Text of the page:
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In mice, cellular rejuvenation treatment safely reverses aging symptoms


Researchers gave mice an anti-aging treatment while they were in their middle years and observed no rise in cancer or other health issues later on.

Although age is simply a number, it has a lot of negative consequences, such as brittle bones and weak muscles, as well as an increased risk of cardiovascular disease and cancer. Scientists at the Salk Institute have now shown that they can safely and efficiently reverse the aging process in middle-aged and old mice by partly resetting their cells to more youthful states in partnership with Genentech, a Roche group company.

“We are ecstatic that we can apply this strategy to halt aging in normal animals throughout their lives. In mice, the approach is both safe and effective “Juan Carlos Izpisua Belmonte, a professor at Salk’s Gene Expression Laboratory and co-corresponding author, agrees. “This technique may give the biomedical community with a new tool to restore tissue and organismal health by enhancing cell function and resilience in diverse illness circumstances, such as neurodegenerative disorders, in addition to combating age-related diseases.”

Not alone do creatures’ outer looks and health change as they age; each cell in their body has a molecular clock that tracks the passage of time. In comparison to younger individuals or animals, cells separated from older humans or animals exhibit distinct patterns of chemicals throughout their DNA, known as epigenetic markers. Scientists have discovered that injecting a cocktail of four reprogramming molecules into cells — Oct4, Sox2, Klf4, and cMyc, often known as “Yamanaka factors” — may restore epigenetic patterns. This method allows researchers to turn adult cells into stem cells at a later stage of development.

In 2016, Izpisua Belmonte’s group demonstrated for the first time that the Yamanaka factors may be used to slow down the symptoms of aging and extend the lifespan of mice with a premature aging condition. The scientists recently discovered that Yamanaka factors may speed up muscle regeneration in young mice. Other scientists have utilized the same strategy to enhance the function of other organs such as the heart, brain, and optic nerve, which is crucial in vision, as a result of these first findings.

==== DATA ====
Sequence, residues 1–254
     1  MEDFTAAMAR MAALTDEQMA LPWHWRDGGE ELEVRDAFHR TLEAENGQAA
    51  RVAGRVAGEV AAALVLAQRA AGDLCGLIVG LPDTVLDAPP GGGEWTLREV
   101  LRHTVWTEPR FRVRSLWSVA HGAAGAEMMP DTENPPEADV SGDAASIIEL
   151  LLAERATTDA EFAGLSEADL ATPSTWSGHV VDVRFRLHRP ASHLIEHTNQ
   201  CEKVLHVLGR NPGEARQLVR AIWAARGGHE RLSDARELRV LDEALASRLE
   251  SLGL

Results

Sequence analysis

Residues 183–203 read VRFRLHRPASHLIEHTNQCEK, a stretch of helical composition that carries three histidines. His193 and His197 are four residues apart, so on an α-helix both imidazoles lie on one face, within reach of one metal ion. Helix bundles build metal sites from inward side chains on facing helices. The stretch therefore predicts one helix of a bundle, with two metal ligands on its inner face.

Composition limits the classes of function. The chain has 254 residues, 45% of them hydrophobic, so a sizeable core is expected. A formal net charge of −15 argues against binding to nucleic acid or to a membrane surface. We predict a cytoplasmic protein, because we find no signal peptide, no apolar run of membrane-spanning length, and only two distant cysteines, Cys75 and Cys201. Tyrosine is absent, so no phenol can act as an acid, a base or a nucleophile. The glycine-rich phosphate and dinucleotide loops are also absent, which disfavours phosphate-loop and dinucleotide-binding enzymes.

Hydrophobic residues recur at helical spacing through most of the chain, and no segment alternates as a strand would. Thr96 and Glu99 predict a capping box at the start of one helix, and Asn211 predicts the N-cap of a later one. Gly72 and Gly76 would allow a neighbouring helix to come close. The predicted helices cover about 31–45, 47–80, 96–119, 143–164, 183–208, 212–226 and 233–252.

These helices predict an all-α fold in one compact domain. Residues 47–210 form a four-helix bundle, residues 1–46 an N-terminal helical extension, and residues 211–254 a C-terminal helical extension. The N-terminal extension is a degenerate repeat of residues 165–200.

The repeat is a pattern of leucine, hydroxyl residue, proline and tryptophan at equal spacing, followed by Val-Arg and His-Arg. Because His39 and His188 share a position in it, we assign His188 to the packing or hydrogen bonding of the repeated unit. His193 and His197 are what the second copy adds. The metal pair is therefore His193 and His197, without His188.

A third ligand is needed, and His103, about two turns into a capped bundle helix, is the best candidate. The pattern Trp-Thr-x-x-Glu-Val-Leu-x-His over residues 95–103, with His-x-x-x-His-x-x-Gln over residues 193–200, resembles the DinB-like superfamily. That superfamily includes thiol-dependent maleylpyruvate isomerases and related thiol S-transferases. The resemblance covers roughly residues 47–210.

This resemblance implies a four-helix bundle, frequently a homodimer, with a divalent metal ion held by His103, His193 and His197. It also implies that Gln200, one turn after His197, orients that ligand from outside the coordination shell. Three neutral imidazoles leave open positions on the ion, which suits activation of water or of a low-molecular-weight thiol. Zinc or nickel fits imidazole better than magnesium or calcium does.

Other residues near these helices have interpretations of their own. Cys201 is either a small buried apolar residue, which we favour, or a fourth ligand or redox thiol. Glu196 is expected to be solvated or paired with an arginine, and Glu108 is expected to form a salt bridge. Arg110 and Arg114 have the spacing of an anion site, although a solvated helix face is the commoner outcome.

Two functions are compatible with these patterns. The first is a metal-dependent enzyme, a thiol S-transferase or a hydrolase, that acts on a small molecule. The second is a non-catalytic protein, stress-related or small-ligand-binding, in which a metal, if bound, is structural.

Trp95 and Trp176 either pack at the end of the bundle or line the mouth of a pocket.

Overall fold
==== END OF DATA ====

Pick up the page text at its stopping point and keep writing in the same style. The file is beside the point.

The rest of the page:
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Izpisua Belmonte and his colleagues examined several approaches to cellular rejuvenation in healthy mice as they aged in the latest research. One group of mice was given Yamanaka factors on a regular basis from the time they were 15 months old until they were 22 months old, which is about equal to human ages 50 to 70. Another group was treated for 12 to 22 months, or 35 to 70 years in human years. A third group was given treatment for only one month at the age of 25 months, which is equivalent to the human age of 80.

“What we really wanted to prove was that employing this strategy over a longer period of time is safe,” says Pradeep Reddy, a Salk staff scientist and co-first author of the new research. “In fact, we found no detrimental consequences on these animals’ health, behavior, or body weight.”

There were no blood cell abnormalities or neurological changes in the Yamanaka factor-treated mice as compared to control mice. Furthermore, no malignancies were discovered in any of the animal categories.

When the researchers examined typical markers of aging in the mice that had received the medication, they discovered that the mice resembled younger animals in many respects. The epigenetics of treated animals were more similar to epigenetic patterns found in younger animals in both the kidneys and the skin. When treated mice were damaged, their skin cells had a stronger capacity to multiply and were less likely to develop permanent scars, while older animals had less skin cell proliferation and more scarring. Furthermore, metabolic components in the blood of treated mice showed no signs of normal aging.

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This youthfulness was detected in mice treated with Yamanaka factors for seven or ten months, but not in animals treated for only one month. Furthermore, the effects of the therapy were not yet apparent when the animals were evaluated halfway through their treatment. This shows that the therapy isn’t only delaying aging, but actually reversing it, but additional study is required to make the distinction.

The team is currently working on a study to see how long-term therapy with the Yamanaka factors affects individual molecules and genes. They’re also coming up with innovative methods to convey the variables.

“At the end of the day,” adds Reddy, “we want to restore resilience and function to older cells so they are more resistant to stress, damage, and illness.” “This research suggests that, at least in mice, there is a way to get there.”

In addition to being a professor at the Salk Institute, Belmonte is an Institute Director at Altos Labs, Inc.

Mako Yamamoto, Isabel Guillen Guillen, Sanjeeb Sahu, Chao Wang, Yosu Luque, Javier Prieto, Lei Shi, Kensaku Shojima, Tomoaki Hishida, Concepcion Rodriguez Esteban, and Concepcion Rodriguez Esteban of Salk; Kristen Browder, Zijuan Lai, Qingling Li, Feroza Choudhury, Weng Wong, Yuxin Liang,

The Universidad Católica San Antonio de Murcia (UCAM) and Fundación Dr. Pedro Guillén collaborated on the research.

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